Haven by Tom Deady
Greymore Publications, 2017
Available: Paperback, Kindle edition
With the release of Haven, it is clear that Tom Deady is ready to make his mark in the horror world. While “coming home” and “coming-of-age” stories have been done masterfully before in books like Dan Simmons’ Summer of Night, Robert McCammon’s Boy’s Life, and the monumental IT, Haven is a fresh take on the trope. With characters who stand out and plot twists that push comparisons to the side, the pages fly by. Deady weaves a story of mystery and horror that will leave readers not just frightened, but feeling a powerful emotional impact.
Paul Greymore has been locked away in prison for 17 years, serving a sentence for being a child murderer, despite evidence to the contrary. Disfigured in childhood, and already an outcast when the murders occurred, he was blamed for the deaths as he emerged from a lake with a wounded girl. With his imprisonment, the killings stopped. The town of Haven has not been a “safe haven” for him.
Paul’s main ally, the local priest, believes it best for Paul to return home and start anew, yet the killings begin again just as he arrives. Sheriff Crawford, the cop who put Paul away despite the evidence, is still hellbent on putting him back behind bars. Along with his friend Billy and young Denny, the damaged crew set out to solve the mystery of who, or what, is actually killing the children. More than any monstrous outside force, though, Haven explores the the darkness within the human characters, and how that line of good and evil burns pieces of our souls off with each struggle.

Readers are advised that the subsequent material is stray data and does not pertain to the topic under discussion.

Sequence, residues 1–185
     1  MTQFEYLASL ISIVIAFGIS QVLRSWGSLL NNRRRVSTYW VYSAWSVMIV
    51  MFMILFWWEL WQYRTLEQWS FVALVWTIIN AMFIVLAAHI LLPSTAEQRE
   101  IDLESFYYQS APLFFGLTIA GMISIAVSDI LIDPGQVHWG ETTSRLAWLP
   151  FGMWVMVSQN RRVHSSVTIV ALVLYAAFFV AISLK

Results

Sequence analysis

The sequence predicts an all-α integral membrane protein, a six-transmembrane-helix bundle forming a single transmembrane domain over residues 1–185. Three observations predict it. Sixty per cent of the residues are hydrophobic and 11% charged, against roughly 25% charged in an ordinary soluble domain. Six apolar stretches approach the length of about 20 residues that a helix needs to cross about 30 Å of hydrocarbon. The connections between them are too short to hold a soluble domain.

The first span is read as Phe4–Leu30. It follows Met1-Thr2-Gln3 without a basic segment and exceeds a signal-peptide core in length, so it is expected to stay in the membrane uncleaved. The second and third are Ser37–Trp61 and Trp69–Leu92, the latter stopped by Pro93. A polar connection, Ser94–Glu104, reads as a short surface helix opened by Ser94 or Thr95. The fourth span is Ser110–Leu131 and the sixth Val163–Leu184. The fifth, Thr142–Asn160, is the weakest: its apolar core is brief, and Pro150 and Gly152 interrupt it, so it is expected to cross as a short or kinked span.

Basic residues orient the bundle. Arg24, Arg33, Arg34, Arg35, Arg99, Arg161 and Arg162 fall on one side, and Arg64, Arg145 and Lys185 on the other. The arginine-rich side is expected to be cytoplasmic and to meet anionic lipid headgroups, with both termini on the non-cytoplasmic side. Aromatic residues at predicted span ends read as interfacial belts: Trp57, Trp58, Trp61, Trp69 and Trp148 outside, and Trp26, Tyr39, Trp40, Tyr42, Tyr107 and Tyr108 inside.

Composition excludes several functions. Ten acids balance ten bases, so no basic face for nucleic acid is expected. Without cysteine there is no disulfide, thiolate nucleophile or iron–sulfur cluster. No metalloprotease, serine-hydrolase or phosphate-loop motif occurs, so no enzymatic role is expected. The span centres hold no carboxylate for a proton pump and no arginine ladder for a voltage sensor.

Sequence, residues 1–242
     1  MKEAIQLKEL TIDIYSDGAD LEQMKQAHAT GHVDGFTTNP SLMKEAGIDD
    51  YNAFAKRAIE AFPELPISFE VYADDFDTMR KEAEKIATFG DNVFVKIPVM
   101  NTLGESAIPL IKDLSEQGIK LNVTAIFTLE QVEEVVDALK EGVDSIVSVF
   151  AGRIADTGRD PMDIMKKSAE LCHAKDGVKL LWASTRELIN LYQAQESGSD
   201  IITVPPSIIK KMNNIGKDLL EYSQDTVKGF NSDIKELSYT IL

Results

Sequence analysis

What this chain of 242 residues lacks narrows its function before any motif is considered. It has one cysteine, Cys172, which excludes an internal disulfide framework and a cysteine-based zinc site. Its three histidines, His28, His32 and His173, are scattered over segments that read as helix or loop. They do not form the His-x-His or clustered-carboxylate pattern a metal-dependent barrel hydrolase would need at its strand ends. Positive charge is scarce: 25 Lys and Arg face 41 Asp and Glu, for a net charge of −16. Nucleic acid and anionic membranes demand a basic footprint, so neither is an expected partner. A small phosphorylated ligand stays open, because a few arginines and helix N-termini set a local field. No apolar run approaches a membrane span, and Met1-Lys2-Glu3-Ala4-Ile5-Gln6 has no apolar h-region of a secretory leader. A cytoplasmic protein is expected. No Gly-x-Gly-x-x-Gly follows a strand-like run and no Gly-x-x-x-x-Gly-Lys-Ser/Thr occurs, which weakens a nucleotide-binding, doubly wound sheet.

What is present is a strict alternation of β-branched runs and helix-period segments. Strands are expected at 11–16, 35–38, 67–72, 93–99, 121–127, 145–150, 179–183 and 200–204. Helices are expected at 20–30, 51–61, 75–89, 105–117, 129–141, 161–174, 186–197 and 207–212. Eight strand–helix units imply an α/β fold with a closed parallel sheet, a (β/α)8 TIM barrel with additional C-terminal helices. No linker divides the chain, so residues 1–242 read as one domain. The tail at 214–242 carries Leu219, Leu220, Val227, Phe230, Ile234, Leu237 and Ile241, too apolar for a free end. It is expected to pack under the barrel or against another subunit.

Deady’s writing is strong here, sidestepping many of the first novel pitfalls, a big accomplishment for a story that tops five hundred pages. The characterization, especially of Paul, shines. Haven is definitely one of the best debuts of the year. Highly recommended.
Reviewed by Dave Simms